abrocitinib , tralokinumab or upadacitinib for treating moderate to severe atopic dermatitis

Last edited 08/2022 and last reviewed 08/2022

Abrocitinib, tralokinumab or upadacitinib for treating moderate to severe atopic dermatitis

NICE state (1):

Abrocitinib and upadacitinib are recommended as options for treating moderate to severe atopic dermatitis that is suitable for systemic treatment in adults and young people 12 years and over, only if:

  • the disease has not responded to at least 1 systemic immunosuppressant, or these are not suitable

  • the companies provide abrocitinib and upadacitinib according to the commercial arrangement

Tralokinumab is recommended as an option for treating moderate to severe atopic dermatitis that is suitable for systemic treatment in adults, only if:

  • the disease has not responded to at least 1 systemic immunosuppressant, or these are not suitable

  • the company provides tralokinumab according to the commercial arrangement

Stop abrocitinib, upadacitinib or tralokinumab at 16 weeks if the atopic dermatitis has not responded adequately. An adequate response is:

  • at least a 50% reduction in the Eczema Area and Severity Index score (EASI 50) from when treatment started and

  • at least a 4-point reduction in the Dermatology Life Quality Index (DLQI) from when treatment started

For full details then consult NICE (August 2022). Abrocitinib, tralokinumab or upadacitinib for treating moderate to severe atopic dermatitis

The NICE committee state (1):

  • standard treatment for moderate to severe atopic dermatitis (eczema) includes topical treatments such as emollients and corticosteroids
    • if these treatments are not effective, systemic immunosuppressants such as methotrexate and ciclosporin can be added
    • dupilumab and baricitinib are used if systemic immunosuppressants are not effective
    • the clinical trial evidence shows that abrocitinib, tralokinumab and upadacitinib all reduce symptoms of atopic dermatitis compared with placebo
      • abrocitinib and upadacitinib were indirectly compared with ciclosporin, but the results are highly uncertain
      • abrocitinib, upadacitinib and tralokinumab were each directly or indirectly compared with dupilumab and baricitinib for use after systemic immunosuppressants, but the results are uncertain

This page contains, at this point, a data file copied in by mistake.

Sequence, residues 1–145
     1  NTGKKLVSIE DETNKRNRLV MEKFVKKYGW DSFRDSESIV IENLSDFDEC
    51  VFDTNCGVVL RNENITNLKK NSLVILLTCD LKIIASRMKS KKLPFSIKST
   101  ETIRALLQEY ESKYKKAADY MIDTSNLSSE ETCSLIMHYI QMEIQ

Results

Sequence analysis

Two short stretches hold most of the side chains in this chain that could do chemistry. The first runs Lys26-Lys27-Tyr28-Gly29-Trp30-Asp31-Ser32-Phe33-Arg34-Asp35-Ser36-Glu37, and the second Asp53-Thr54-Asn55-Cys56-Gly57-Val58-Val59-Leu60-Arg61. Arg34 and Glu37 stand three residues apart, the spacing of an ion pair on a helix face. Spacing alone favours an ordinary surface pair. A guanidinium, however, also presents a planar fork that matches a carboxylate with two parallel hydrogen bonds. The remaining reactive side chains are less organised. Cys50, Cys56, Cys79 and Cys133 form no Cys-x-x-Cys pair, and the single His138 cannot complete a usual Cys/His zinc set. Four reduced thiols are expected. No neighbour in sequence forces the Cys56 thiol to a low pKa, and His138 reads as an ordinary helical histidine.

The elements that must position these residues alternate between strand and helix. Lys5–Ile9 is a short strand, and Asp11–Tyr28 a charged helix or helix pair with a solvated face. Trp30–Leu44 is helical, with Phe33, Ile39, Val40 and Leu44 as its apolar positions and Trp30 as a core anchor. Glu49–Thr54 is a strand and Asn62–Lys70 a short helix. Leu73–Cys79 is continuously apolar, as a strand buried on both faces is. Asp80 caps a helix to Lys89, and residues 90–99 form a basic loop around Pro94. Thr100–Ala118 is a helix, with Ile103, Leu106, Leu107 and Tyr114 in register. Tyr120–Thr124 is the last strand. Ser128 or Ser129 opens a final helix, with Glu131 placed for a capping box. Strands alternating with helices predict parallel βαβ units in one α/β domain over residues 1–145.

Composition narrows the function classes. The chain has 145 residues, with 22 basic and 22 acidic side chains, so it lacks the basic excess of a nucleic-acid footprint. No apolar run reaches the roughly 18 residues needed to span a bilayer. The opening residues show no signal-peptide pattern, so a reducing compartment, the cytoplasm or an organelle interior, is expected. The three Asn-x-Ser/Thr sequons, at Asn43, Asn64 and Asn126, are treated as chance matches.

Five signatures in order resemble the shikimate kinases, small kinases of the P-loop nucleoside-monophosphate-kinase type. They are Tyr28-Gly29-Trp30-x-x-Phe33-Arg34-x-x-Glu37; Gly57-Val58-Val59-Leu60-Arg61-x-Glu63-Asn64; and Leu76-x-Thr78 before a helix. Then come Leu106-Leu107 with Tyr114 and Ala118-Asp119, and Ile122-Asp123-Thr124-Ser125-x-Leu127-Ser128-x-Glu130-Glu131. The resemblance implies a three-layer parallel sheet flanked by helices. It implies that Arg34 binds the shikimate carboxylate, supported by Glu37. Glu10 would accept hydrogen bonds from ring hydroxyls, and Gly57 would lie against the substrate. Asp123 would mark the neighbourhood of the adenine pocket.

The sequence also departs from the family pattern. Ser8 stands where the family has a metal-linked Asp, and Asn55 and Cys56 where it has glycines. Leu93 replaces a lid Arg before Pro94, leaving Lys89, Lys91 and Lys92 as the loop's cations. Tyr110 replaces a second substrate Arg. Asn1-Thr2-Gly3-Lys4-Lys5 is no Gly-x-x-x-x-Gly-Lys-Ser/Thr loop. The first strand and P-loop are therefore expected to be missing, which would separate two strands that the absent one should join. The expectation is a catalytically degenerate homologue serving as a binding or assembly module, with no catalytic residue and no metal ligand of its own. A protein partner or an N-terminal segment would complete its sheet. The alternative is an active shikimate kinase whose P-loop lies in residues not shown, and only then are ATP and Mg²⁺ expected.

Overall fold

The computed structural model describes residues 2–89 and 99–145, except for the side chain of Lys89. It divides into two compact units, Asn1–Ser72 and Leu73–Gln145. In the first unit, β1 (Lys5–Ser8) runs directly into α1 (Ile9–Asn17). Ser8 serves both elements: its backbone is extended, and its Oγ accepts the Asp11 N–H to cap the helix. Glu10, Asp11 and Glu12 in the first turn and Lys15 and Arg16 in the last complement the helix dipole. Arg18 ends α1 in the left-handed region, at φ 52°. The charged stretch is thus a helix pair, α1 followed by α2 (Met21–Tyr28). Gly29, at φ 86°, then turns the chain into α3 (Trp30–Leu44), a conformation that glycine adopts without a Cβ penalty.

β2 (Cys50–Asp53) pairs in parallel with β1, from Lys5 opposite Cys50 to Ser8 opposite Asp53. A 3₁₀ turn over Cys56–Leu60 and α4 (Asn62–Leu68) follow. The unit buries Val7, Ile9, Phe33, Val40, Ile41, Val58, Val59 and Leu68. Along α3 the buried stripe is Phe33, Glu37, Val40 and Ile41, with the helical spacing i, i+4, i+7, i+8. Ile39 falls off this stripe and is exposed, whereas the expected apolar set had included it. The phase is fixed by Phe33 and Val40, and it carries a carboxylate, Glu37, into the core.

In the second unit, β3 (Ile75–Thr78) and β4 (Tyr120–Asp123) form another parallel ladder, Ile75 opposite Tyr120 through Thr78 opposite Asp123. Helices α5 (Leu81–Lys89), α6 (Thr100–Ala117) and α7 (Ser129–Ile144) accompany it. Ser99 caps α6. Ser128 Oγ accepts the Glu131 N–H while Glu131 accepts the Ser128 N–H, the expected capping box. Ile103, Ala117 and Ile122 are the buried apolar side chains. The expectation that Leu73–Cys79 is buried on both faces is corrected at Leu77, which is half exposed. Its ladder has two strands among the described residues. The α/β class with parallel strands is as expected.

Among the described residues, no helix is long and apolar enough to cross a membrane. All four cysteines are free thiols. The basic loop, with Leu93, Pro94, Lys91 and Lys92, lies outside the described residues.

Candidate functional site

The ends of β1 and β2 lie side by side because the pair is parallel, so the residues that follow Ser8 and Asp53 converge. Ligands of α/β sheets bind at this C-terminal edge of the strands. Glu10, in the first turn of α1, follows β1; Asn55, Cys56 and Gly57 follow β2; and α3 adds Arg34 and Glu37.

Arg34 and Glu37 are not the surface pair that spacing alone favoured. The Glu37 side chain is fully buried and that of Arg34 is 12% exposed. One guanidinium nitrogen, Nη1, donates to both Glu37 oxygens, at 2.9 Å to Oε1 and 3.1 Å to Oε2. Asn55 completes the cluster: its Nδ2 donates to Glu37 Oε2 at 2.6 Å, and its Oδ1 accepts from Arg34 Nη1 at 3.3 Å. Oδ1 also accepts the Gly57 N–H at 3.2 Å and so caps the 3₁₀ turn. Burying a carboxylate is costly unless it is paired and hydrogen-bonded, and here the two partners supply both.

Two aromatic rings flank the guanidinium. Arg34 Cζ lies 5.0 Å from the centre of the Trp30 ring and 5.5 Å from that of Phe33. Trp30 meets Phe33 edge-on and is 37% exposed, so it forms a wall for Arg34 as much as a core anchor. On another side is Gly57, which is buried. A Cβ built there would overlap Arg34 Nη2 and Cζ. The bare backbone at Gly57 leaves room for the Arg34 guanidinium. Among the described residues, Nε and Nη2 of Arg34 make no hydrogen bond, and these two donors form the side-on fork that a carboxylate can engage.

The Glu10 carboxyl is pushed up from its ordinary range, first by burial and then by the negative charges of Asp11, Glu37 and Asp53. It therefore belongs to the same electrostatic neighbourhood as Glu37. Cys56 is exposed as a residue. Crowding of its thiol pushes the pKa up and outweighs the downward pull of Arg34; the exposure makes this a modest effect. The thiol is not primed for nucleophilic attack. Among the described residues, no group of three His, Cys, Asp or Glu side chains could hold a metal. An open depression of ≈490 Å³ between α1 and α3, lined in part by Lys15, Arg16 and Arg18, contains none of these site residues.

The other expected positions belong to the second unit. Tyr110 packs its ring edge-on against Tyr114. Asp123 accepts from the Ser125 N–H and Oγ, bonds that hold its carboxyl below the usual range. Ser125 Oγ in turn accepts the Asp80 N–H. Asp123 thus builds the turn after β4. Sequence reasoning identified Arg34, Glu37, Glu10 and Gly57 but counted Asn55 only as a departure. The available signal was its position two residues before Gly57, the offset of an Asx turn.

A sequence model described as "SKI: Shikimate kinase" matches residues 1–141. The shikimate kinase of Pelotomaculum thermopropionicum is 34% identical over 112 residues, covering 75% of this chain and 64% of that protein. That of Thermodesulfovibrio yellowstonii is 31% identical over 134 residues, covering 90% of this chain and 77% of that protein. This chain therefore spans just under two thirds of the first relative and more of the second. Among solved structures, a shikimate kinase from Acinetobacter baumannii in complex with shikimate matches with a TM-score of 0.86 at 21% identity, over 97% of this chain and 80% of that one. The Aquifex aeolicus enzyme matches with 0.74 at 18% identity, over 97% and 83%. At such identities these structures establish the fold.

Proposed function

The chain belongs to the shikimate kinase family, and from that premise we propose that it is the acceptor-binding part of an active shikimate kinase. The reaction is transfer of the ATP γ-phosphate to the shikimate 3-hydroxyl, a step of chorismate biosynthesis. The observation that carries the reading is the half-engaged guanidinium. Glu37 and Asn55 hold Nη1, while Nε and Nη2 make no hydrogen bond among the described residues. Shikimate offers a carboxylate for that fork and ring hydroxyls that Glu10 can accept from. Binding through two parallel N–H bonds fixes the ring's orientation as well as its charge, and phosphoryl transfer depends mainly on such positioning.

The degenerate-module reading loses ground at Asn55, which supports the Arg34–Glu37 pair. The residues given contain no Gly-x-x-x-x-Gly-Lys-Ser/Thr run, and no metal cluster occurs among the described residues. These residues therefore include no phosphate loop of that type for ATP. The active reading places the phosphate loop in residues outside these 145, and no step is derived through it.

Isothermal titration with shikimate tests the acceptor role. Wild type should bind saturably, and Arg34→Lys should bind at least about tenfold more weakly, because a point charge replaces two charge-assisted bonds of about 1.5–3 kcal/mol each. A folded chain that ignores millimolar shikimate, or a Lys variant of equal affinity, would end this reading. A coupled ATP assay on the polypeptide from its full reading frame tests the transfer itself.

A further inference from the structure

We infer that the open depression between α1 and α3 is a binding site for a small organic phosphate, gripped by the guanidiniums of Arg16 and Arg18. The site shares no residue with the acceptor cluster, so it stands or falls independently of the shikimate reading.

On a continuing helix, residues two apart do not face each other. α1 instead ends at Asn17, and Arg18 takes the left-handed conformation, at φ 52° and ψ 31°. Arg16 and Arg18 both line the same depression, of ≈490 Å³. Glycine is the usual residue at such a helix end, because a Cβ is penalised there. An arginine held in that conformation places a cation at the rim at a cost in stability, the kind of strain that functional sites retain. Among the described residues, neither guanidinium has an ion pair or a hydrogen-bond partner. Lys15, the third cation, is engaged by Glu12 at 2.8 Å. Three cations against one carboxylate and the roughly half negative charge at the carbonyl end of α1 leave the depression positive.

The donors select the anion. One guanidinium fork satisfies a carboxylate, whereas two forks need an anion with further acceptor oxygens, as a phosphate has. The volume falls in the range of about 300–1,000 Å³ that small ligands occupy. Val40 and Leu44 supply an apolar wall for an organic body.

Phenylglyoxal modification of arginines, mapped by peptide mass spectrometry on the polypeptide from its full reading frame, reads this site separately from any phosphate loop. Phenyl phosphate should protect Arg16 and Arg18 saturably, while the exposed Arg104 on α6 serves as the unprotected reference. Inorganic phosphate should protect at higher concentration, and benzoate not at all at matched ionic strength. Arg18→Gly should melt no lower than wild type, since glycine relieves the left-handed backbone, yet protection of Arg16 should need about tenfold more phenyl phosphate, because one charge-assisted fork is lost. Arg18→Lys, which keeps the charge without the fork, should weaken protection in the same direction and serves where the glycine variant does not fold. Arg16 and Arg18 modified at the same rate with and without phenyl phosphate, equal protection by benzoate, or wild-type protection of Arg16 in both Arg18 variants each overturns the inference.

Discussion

Notes:

  • Janus kinase-1 (JAK) inhibitors [part of the DMARDs (disease-modifying antirheumatic drugs) family, with the JAK-1, JAK-2, JAK-3 and tyrosine kinase-2 - TYK-2 molecules] which (from a pharmacological viewpoint) are small molecular (synthetic) compounds that inhibit the intracellular transduction of the signal derived from the cell's cytokine receptors
    • cytokines such as IL-1, 2, 4, 5, 13, 22, 31, stromal thymic lymphopoietin, interferon-gamma are involved in atopic disease (atopic dermatitis)'s pathologic process; JAK inhibitors exert their activity by cytokine receptor phosphorylation (an inhibiting action), which in turn modifies the immune response (by decreasing it)
  • abrocitinib is part of the JAK-1 inhibitor class, currently being investigated for the use in cases of moderate-to-severe AD, which did not have a proper response to the use of topical treatment (2)
  • upadacitinib is an oral, reversible, small molecule JAK inhibitor engineered to have increased selectivity for JAK1 vs JAK2, JAK3, and tyrosine kinase 2, with the intention of improving efficacy and safety for an improved benefit-risk profile compared with other, less-selective JAK inhibitors (3)
  • tralokinumab is a fully human IgG4 monoclonal antibody that specifically binds with high affinity to IL-13 alone, preventing its interaction with the receptor and subsequent downstream signalling (4)

Reference: